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How OSS Models Put Vendor Support on Solid Ground 45

Jane Walker writes "How can vendors offer free enterprise software and be financially strong enough to provide commercial support? It's all about hybrids, says expert Julie Hanna Farris. Find out how to determine if a commercial open source vendor has the chops to support products in the long term."
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How OSS Models Put Vendor Support on Solid Ground

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  • It works (Score:3, Insightful)

    by poeidon1 ( 767457 ) on Tuesday March 07, 2006 @06:52AM (#14865453) Homepage
    if the product is good i.e. it does what it is supposed to do and the services are prompt and reliable. Product costs only once, service charges last till the the death of the product.
    • Not quite... (Score:3, Interesting)

      by DogDude ( 805747 )
      Not really.... if the software is good, then little to no service is needed. The "service" model is bogus. It already assumes that broken or difficult to implement software is being sold, and that you're goping to have to pony up to fix it/figure out how to use it later. That doesn't instill very myuch confidence in me. I try to buy software that requires as little support as possible.
      • Re:Not quite... (Score:5, Insightful)

        by Daytona955i ( 448665 ) <flynnguy24@@@yahoo...com> on Tuesday March 07, 2006 @08:19AM (#14865665)
        Or your IT group is composed of a bunch of half-wits who can barely tell the difference between an ethernet jack and a phone jack. I hate to say it but it happens. I work for a small company who goes and installs a custom software package that is built on top of an Oracle Database. Now some of our clients will have the database all setup and everything ready to go. Other clients we go, install Oracle, install our software and then spend a lot of time teaching them simple things like how to backup the database. Also some of our clients we can just e-mail them a SQL script for an update and they run it and life is good.... others, we have to go there and install it for them.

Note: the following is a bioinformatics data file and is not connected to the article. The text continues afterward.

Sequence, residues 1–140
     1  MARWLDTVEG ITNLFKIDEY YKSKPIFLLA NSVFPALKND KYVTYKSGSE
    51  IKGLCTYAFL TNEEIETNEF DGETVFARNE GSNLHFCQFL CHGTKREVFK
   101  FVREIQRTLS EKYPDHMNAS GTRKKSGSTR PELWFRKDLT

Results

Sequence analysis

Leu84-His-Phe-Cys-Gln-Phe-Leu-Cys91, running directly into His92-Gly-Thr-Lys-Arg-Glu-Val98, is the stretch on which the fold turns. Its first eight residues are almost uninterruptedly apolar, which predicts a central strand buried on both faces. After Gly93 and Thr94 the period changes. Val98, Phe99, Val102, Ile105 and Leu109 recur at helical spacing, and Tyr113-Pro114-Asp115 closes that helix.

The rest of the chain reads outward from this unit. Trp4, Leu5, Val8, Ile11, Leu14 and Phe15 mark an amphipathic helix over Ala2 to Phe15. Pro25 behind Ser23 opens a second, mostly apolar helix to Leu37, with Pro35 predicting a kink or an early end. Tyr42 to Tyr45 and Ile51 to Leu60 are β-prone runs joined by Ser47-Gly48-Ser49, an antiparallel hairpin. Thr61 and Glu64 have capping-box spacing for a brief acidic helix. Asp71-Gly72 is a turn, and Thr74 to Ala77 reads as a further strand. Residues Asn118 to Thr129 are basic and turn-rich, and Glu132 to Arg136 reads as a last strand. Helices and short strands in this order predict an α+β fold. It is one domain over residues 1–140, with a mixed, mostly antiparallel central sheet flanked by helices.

So while a support contract may not be for you, there are a lot of companies out there who need one.
        • In a company I worked for, phone and network uses RJ45 cables.
          It was a pain in the ass to determine if you have to plug your network cable in the socket with label D123-S2, D123-S3, or D123-S4 (for your company laptop). The only way to know for sure that was to go in the basement to check if the cable was physically plug into a switch or a pbx ( or often nowhere )
          • I am the draconian net admin asshole for a lab at my company.
            All ports are labelled in my lab, isolated, production, phone. Color coded too (isolated is a yellow label). When I leave my lab and need connectivity (and can't get the campus WiFi) I sometimes have to take the approach:
            1) jack in and look for link
            2) dhcp request / view config / determine if the network is a corp. or lab connection
            3) go back to 1 till I find a corp drop.

            really pisses me off...
            -nB
          • It should not be too hard to label the ports according to what is on them. D123-P2: Phone line. D123-N2: Network line. As far as figuring out which ones get which label, you may be able to go on pin-outs, but that means unscrewing the plate, I would just plug a phone up to it and check for tone. That you could trust to your tech lackey.
            • In the beginning there were easy rules like : this block of socket is for phone this other if for network, ... but the needs of the company "evolved" .. unlike the cabling and some of the plugs were reused for a new set of test machine, some of them to hook a computer in the dmz, or before/after some firewall/leased line, or some phone plug had other "purpose" (like direct outside line for modem out) ... after 5 years of moving desks / machines / phones around the situation was a mess.

              Off course physically
      • Re:Not quite... (Score:2, Insightful)